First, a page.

Once again, Kaitlin Steinberg is eating her way through Houston and counting down her 100 favorite dishes as we work our way toward our annual Menu of Menus® issue and culinary extravaganza. She'll compile a collection of the dishes she thinks are the most delicious, most creative and, of course, most indicative of our ever-changing food scene. It's a list of personal favorites, things she thinks any visitor or Houstonian ought to try at least once and dishes that are uniquely Houstonian.
Whenever you order a veggie burger at a restaurant for the first time, there's always the risk that the patty will be a dry, dense hockey puck of a thing, devoid of flavor save for a sort of grainy cardboard essence.
This is not the case at Natachee's Supper 'n Punch, where the Daughter-in-Law burger features a meat-free patty made with black beans, corn, bell peppers and oats. It's all that a veggie burger could ever aspire to be--rich, flavorful and just as satisfying (if not more so) than a traditional beef burger.
The patties, which are positively massive, are the stars of this burger show, though the toppings--lettuce, tomato, red onion, jack cheese and creamy guacamole--play an integral role in the burger as a whole. A soft, buttery toasted buns hold the whole thing together, at least initially. Eventually, the giant patty is bound to crumble a bit as it hangs precipitously over the edges of the bun. It's a knife and fork kind of meal.
The mixture of mashed and whole black beans, yellow corn, roasted red bell peppers, cilantro and oats, which act as a binding agent, has a vaguely Tex-Mex feel to it. Combine that with the slightly spicy guacamole spread across the top bun (who needs ketchup or mayo?), and you have a hybrid veggie burger and Tex-Mex burger, perfect for those craving a little heat but not a little meat.
I did find myself adding a little hot sauce to my burger, but that's a product of my upbringing (my parents fed me spicy food from a very young age, so now nothing is ever hot enough) more than a shortcoming of the burger. A friend who tried my burger on one occasion told me to stop messing it up with too much Crystal hot sauce. To each his own.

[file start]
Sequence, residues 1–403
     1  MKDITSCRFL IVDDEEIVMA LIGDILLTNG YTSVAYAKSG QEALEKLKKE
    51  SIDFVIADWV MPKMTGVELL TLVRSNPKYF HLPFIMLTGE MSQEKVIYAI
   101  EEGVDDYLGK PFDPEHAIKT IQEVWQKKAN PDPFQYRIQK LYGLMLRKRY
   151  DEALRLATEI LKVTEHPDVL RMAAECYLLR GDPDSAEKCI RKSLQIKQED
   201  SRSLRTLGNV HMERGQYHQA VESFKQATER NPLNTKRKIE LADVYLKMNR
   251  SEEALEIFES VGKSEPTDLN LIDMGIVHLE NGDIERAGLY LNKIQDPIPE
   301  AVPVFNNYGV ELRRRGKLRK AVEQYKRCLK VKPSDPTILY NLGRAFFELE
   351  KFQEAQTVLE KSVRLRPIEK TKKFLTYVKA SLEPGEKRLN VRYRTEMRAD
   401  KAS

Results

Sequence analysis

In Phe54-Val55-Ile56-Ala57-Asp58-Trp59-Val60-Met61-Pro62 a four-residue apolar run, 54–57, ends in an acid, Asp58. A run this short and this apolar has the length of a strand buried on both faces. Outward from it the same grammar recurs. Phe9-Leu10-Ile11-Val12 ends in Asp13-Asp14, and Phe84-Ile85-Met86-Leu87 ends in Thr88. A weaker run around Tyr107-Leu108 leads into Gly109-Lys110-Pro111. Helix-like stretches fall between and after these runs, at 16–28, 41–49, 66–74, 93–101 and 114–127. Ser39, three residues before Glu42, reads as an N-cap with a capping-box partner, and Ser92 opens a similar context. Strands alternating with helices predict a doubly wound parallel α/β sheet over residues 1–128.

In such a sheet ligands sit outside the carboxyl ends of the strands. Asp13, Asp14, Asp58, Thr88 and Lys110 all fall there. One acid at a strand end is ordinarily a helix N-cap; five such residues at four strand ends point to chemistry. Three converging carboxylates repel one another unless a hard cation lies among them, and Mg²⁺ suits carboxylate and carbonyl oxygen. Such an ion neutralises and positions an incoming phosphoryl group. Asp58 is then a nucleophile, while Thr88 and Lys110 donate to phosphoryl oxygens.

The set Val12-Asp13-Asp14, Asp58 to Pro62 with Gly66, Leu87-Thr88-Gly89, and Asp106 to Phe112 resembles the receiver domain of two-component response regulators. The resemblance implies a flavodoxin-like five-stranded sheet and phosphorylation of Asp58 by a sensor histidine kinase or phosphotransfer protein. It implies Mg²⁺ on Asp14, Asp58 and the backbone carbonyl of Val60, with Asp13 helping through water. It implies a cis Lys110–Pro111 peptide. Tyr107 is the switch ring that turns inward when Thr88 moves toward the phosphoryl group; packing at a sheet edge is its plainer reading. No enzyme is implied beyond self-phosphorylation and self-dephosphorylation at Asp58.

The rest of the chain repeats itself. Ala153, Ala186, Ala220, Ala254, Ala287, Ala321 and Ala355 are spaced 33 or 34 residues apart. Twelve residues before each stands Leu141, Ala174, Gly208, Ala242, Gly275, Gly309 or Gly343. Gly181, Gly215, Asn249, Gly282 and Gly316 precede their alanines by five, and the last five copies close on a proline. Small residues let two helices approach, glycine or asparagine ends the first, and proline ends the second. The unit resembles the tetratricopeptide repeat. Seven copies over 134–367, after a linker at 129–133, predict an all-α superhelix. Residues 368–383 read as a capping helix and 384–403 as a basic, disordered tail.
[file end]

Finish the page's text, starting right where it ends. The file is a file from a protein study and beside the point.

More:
One final recommendation, if I may: The fried pickles. I imagine anyone who's been to Natachee's before has tried the much-lauded fried pickles, but if you haven't sub them for fries with your burger. The thin, peppery batter and crisp, vinegary pickles are an ideal match with that delicious burger.
The list so far: No. 82, Chiles en Nogada Tradicionales at Pico's Mex-Mex No. 83, Porkobuco at Brooklyn Athletic Club No. 84, Chai Pie at Pondicheri No. 85, Tacos at Taqueria Maya Quiché No. 86, S'mores at 13 Celsius No. 87, Calamari at Lillo & Ella No. 88, Pulled Pork Nachos at Way Good Food Truck No. 89, Garden Sammie at Local Foods No. 90, Barbecued Salmon Salad at Brooks Family BBQ No. 91, Smoked Salmon Waffle at The Waffle Bus No. 92, Chirashi Lunch at Sushi Miyagi No. 93, Finocchiona Sandwich at Siphon Coffee No. 94, Combo Catracho at Mi Bella Honduras Restaurant No. 95, Tamal de Puerco at Andes Cafe No. 96, Cheeseburger at Sparkle's Hamburger Spot No. 97, Mi Quang at Simply Pho No. 98, Helado de Lúcuma at Pollo Bravo No. 99, Fat Fries at Fat Bao No. 100, Fish Bánh Mì at La Baguette
Keep the Houston Press Free... Since we started the Houston Press, it has been defined as the free, independent voice of Houston, and we would like to keep it that way. Offering our readers free access to incisive coverage of local news, food and culture. Producing stories on everything from political scandals to the hottest new bands, with gutsy reporting, stylish writing, and staffers who've won everything from the Society of Professional Journalists' Sigma Delta Chi feature-writing award to the Casey Medal for Meritorious Journalism. But with local journalism's existence under siege and advertising revenue setbacks having a larger impact, it is important now more than ever for us to rally support behind funding our local journalism. You can help by participating in our "I Support" membership program, allowing us to keep covering Houston with no paywalls.